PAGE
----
General Motors is considering another round of layoffs of its white-collar workers, The Wall Street Journal reports on A1. The carmaker is also weighing whether to quit making some of its eight brands.
The paper doesn’t have specific numbers but says the layoffs could affect thousands of white-collar jobs at GM, which has 76,000 of them. Forget about the employees, though:
People close to senior leadership say thinning GM’s middle-management ranks is among the biggest priorities GM has failed to tackle during Mr. Wagoner’s tenure. With layers of managers, decision-making often takes too long, and subpar performance is sometimes tolerated. Many of the executives blamed for the company’s troubles are still in leadership roles.
We tip our green eyeshade to the Journal’s good GM coverage. However, the paper might have, no pun intended, employed more skepticism or balance when talking about the elimination of thousands of jobs. Somehow we doubt there’s nothing but upside to getting rid of all these people.
It also buries that part of the story toward the bottom, focusing most of the story on whether GM will kill some of its car brands.
Bulls, bears, and monkeys
Wall Street thinks the bear market won’t last long, Bloomberg reports.
Its survey of ten strategists found that they believe on average that the Standard & Poor’s 500 stock index will jump 18 percent by the end of the year as corporate profits rebound in the fourth quarter. Lehman Brothers and Deutsche Bank predict the index will soar 27 percent and 29 percent respectively, either of which would be the best second-half gain since 1982.
Bloomberg fairly ridicules the hype—lest we forget, Wall Street likes to sell stocks—following one analyst’s “this is going to be one of the greatest roars we’ve seen” quote with a paragraph noting that the strategists forecasts have been off by 14 percentage points annually for the last eight years.
Quote of the Day:
“A monkey with an abacus is probably better at the end of the day,” said Peter Sorrentino, a Cincinnati-based senior money manager at Huntington Asset Advisors, which oversees $16.7 billion. “To read the strategists’ input is intriguing and thought-provoking, but at the end of the day, you’d better have your own tools. We’re nowhere near as optimistic as some of the forecasts.”
$200 oil=$6 gas
If the Journal’s A6 story on talk of $200 a barrel oil by year’s end is right, you won’t be seeing an 18 percent gain in the S&P for a long, long time.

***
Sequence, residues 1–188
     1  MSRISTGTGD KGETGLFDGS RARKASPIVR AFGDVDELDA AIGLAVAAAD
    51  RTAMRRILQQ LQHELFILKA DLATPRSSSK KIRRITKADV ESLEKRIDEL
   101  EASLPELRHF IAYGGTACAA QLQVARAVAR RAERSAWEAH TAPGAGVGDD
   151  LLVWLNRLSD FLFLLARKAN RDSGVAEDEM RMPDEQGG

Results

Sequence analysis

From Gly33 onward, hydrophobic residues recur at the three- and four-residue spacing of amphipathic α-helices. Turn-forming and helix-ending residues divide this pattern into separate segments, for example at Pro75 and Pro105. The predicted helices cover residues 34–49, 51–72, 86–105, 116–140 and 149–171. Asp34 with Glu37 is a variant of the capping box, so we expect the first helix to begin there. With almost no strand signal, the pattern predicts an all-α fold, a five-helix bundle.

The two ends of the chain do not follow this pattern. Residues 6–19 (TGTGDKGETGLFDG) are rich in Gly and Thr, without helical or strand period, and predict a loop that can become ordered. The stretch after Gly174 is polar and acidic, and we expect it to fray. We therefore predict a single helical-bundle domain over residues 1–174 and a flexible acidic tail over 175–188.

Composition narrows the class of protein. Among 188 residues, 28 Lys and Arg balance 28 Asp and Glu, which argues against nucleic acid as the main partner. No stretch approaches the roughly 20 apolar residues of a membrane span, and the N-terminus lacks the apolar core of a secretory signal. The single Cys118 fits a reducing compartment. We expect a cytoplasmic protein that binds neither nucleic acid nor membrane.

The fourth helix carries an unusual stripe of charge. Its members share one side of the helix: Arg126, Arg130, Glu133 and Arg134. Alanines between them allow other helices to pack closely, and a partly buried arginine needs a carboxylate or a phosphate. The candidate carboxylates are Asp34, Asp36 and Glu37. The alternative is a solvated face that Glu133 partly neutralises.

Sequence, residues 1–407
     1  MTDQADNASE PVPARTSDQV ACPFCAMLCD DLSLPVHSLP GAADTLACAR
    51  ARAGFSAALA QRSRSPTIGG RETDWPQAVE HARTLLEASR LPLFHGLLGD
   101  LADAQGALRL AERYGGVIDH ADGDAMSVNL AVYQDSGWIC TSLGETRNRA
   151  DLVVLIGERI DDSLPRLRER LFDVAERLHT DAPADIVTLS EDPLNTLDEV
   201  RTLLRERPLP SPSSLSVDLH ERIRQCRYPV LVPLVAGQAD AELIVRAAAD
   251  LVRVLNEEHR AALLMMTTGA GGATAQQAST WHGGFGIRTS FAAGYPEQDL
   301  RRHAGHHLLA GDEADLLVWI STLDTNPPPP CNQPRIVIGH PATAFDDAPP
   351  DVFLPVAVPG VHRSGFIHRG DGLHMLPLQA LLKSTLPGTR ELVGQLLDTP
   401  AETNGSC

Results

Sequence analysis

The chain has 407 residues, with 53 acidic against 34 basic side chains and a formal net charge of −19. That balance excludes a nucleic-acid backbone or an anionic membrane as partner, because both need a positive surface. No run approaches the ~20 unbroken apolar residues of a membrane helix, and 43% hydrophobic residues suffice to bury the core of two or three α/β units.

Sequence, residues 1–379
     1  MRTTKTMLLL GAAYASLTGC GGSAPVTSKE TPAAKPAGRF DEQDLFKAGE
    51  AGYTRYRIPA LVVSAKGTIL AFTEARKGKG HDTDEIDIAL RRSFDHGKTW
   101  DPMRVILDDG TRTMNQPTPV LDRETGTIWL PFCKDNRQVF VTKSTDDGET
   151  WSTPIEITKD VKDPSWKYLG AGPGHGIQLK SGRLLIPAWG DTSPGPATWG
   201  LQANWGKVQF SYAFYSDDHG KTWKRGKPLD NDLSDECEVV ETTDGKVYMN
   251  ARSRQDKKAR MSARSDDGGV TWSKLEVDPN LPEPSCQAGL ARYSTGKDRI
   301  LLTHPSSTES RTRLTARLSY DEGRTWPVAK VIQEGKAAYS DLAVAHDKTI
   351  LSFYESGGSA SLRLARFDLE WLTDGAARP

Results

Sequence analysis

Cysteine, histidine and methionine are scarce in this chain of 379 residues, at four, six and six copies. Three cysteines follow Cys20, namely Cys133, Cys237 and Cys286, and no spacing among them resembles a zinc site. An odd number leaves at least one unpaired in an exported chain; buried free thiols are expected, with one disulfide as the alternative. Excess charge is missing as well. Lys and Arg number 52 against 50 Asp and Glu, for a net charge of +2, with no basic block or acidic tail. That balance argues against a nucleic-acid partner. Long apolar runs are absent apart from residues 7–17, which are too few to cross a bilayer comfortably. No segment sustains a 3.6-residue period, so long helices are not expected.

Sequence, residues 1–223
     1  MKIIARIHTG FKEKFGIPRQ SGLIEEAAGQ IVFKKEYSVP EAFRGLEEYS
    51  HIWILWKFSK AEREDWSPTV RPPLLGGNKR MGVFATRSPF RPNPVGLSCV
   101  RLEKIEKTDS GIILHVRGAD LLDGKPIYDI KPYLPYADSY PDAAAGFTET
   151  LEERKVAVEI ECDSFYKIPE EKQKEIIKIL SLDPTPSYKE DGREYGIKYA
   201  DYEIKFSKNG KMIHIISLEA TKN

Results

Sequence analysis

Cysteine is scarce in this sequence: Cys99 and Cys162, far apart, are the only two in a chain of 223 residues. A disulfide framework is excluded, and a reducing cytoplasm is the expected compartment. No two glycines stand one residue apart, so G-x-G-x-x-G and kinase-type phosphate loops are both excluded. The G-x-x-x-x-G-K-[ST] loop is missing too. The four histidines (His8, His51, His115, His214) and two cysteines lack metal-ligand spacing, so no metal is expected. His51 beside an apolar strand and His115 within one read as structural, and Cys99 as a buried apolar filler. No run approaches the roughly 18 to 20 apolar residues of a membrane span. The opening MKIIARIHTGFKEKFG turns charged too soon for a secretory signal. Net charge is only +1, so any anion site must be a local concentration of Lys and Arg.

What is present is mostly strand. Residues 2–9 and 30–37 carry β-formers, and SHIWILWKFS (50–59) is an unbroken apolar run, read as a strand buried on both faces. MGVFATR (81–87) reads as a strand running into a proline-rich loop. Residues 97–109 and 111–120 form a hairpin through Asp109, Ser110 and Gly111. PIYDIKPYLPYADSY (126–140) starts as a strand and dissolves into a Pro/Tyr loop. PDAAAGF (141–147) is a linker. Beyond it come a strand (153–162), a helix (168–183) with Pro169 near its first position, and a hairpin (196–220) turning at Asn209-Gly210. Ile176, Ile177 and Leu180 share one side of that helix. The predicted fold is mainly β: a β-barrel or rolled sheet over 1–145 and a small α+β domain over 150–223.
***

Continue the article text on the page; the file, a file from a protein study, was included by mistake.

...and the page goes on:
The WSJ says oil at that level would mean gas prices of more than $6 a gallon, “putting extreme strains on large sectors of the U.S. economy.” Italy’s biggest oil company last week predicted $200 a barrel prices, while OPEC is saying $170 this summer.
The list of forces shoving prices upward is long: a weak dollar driving hot money into commodities; jitters over a possible military conflict with Iran; soaring costs and chronic project delays in the world’s oil patch; concerns over scarce supplies and long-term production declines; and continued robust demand growth in much of the developing world.
We’d like to see this angle reported on and emphasized more:
Geopolitics, particularly the fear of a potential Israeli or U.S. attack against Iran, have also re-emerged as a significant factor in the market. Some investment houses were saying last week that it was more likely than not that a war with Iran would break out this fall.
If that happens, $200 a barrel may seem optimistic.
An NY Post scoop
The Journal on C1 follows a New York Post story this weekend saying Merrill Lynch is in talks to sell its 20 percent stake in Bloomberg. That’s a bid to raise cash to shore up its weakened capital base, which is about to get weaker with $6 billion in looming writedowns.
The paper says Merrill may also sell part of its 49 percent stake in money manager BlackRock, which is worth about $12 billion.
Back to the future
The New York Times on C1 reports that consumer-goods companies are now starting their own record labels to promote musicians, who are struggling with the falloff in music sales.
“When I started in this business 10 years ago, it was hard to get an artist to stand in front of a sign with a logo on it,” said David Caruso, the co-founder of Acme, the agency that negotiated the deal between Island Def Jam and Tag. “Now brands are engaging their audiences with content.”